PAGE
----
Benefits of Cross Training

So, I consider myself a runner wholeheartedly.

(That’s me in pink)

But I love soccer, cycling, going to the gym, volleyball, rollerblading…and I feel no guilt about it. I always feel like there’s a stigma that runners can only run, bikers can only cycle, soccer players can only play soccer. But why not do what I love?

And there’s a ridiculous amount of benefits.

This is an article that shows how you can “borrow” from other sports to boost your running performance.

The biggest benefit that probably comes to mind first is injury prevention. As a runner I’m constantly stressing about how my ankles land and if my knees are holding up properly and how tight my calves get. To have a little peace of mind when it comes to injury is a blessing.

According to Matt Fitzgerald from the August 2004 issue of Runner’s World, “Overuse injuries are the curse of the running life, a never-ending epidemic among pavement (and trail) pounders everywhere. Nevertheless, injuries aren’t inevitable. Most overuse injuries can be prevented or at least prevented from returning. (More than half of running injuries are actually reinjuries.) Most of them can be blamed on four factors.1. Inadequate recovery (when your body doesn’t fully recover from one run to the next)2. Biomechanical irregularities (such as overpronation and leg-length discrepancy)3. Muscular imbalances caused by running itself (tight hamstrings and weak quadriceps, for example)4. Improper or worn-out footwearCross-training can’t help you with your footwear choices, but it can address the other three factors.If you’re a beginning runner who hasn’t yet developed strength and flexibility imbalances, you can get big benefits from endurance cross-training. Your ankles, knees, and lower back aren’t used to the repetitive impact of running, so you can use walking, elliptical machines, and other low-impact conditioning tools to improve endurance without beating up your most vulnerable joints, muscles, and connective tissues. You can gradually mix in some running once you’ve established a base of fitness (and lost some weight, if that’s an issue).”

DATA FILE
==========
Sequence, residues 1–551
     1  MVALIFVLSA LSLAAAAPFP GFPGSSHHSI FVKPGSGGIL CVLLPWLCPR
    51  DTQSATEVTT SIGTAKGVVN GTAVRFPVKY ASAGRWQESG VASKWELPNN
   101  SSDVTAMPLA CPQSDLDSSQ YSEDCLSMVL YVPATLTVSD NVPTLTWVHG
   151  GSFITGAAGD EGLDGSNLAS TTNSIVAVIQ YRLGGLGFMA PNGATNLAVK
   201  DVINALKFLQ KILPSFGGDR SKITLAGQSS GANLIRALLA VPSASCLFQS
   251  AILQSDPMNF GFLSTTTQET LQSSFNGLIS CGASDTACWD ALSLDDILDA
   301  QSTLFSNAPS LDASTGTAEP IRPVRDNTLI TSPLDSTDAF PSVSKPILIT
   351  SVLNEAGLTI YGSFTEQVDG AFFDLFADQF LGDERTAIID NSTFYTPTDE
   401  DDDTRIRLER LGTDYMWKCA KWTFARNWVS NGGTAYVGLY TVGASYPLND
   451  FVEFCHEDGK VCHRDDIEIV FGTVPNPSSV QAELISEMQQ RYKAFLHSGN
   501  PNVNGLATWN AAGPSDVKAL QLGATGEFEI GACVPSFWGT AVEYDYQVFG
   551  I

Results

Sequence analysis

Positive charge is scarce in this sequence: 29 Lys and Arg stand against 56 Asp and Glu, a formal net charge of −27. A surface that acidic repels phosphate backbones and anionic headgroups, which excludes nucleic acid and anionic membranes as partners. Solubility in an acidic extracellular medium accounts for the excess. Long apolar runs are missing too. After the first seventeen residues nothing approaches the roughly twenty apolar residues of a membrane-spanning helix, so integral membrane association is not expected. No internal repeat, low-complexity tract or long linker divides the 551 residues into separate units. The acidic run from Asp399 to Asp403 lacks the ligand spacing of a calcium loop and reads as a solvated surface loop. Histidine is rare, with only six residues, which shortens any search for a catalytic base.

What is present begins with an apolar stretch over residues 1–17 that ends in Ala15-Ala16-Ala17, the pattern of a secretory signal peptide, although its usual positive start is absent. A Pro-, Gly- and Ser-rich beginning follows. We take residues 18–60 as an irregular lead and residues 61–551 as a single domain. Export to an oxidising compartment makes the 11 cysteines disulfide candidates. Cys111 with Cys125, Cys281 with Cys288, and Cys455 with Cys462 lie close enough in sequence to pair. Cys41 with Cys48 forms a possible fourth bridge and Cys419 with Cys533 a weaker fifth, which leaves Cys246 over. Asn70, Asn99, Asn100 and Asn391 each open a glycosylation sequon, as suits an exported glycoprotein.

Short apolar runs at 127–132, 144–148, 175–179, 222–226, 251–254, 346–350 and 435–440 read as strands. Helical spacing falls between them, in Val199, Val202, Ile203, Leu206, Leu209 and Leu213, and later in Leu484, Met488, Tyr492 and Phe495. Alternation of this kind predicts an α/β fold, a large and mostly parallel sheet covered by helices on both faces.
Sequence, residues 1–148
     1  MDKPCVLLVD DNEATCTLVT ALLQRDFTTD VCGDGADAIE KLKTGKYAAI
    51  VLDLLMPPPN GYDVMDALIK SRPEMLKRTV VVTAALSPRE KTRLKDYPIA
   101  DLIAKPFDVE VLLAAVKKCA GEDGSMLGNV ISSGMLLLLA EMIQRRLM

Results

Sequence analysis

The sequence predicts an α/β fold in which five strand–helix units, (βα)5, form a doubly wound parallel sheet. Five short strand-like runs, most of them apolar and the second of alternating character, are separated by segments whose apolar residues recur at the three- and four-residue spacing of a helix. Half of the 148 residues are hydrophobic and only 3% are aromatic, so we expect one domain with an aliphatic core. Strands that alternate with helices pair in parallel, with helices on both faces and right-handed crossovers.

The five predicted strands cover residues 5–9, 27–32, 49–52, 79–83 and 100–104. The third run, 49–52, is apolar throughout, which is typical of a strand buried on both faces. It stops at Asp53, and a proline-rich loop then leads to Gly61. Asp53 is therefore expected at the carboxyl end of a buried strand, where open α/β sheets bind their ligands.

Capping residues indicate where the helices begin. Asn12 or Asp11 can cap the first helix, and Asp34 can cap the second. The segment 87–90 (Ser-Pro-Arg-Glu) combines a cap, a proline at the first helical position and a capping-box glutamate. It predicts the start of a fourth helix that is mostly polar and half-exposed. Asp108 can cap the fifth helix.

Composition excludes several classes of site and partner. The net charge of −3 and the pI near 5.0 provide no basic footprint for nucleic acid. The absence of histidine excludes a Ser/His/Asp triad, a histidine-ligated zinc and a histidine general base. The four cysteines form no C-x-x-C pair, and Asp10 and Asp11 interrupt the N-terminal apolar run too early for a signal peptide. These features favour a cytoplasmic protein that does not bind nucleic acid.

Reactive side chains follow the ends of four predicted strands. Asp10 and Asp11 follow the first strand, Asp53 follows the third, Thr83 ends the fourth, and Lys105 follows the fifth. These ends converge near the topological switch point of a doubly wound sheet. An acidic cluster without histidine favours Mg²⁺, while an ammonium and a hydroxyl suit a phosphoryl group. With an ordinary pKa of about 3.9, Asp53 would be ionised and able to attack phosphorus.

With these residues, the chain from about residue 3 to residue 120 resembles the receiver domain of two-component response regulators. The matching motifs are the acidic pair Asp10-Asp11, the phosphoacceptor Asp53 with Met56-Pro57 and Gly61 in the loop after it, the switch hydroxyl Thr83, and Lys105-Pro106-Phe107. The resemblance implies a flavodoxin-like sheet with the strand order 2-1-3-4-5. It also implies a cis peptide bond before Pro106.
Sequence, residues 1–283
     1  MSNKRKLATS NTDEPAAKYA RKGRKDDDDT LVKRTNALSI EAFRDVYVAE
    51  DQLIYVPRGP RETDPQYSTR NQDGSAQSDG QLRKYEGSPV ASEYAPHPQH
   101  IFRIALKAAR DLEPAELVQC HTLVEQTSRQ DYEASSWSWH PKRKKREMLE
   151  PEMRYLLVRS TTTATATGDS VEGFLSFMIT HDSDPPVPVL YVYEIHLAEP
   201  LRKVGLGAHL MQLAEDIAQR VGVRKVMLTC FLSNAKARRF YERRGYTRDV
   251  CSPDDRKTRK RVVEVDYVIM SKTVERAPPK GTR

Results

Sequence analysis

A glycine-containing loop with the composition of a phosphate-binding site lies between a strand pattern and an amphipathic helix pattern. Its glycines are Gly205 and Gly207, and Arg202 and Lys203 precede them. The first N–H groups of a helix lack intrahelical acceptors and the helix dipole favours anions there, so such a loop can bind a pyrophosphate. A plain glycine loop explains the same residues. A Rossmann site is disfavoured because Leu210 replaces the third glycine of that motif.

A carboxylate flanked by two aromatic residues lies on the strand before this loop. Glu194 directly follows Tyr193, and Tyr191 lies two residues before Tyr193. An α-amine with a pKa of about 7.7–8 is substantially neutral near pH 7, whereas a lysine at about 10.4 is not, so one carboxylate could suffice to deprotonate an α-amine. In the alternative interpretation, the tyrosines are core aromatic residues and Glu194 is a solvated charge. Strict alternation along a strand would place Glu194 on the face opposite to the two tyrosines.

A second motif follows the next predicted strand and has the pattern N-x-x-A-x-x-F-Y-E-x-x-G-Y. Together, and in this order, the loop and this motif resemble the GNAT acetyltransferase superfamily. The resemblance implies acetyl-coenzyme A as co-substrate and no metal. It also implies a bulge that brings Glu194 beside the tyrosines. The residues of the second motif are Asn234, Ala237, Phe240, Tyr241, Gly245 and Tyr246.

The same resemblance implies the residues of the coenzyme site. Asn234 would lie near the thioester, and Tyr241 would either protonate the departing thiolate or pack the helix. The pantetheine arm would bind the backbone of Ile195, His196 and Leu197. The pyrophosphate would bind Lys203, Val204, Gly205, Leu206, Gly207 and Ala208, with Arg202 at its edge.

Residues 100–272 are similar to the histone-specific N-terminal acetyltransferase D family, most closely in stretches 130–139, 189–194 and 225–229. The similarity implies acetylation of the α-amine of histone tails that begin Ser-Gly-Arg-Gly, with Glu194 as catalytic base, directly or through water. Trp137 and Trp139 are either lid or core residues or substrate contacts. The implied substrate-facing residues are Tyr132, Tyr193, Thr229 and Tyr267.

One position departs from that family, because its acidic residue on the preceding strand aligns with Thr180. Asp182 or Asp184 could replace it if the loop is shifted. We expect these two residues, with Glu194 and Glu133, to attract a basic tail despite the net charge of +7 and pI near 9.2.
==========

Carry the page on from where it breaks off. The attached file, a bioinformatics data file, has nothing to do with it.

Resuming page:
So, “Endurance cross-training can therefore help you ease into the sport, if you’re a new runner, by reducing the amount of impact your body absorbs. And if you’re a veteran runner, it helps you stay in the sport. It isn’t uncommon for longtime runners to lose so much knee cartilage through repetitive impact that they develop osteoarthritis and are forced to hang up their shoes. By mixing in some weight lifting and swimming today, you just might spare yourself the frustration of only being able to swim and lift weights in the future.”

I personally am new to cycling, but have fallen in love with it and use my fuji road bike all the time. As of recently, I’ve decided to use it to get to work. The more you’re using muscles that don’t get frequented, the better good you’re doing for your body.

I’ve also really wanted to try yoga, pilates, and kick boxing. Any insider’s tips regarding those?


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About wayfaringbridges

I'm Stephanee. I'm 26, a former travel agent who got tired of selling trips to others and decided to start taking trips of my own. I'm traveling as far and as often as I can.

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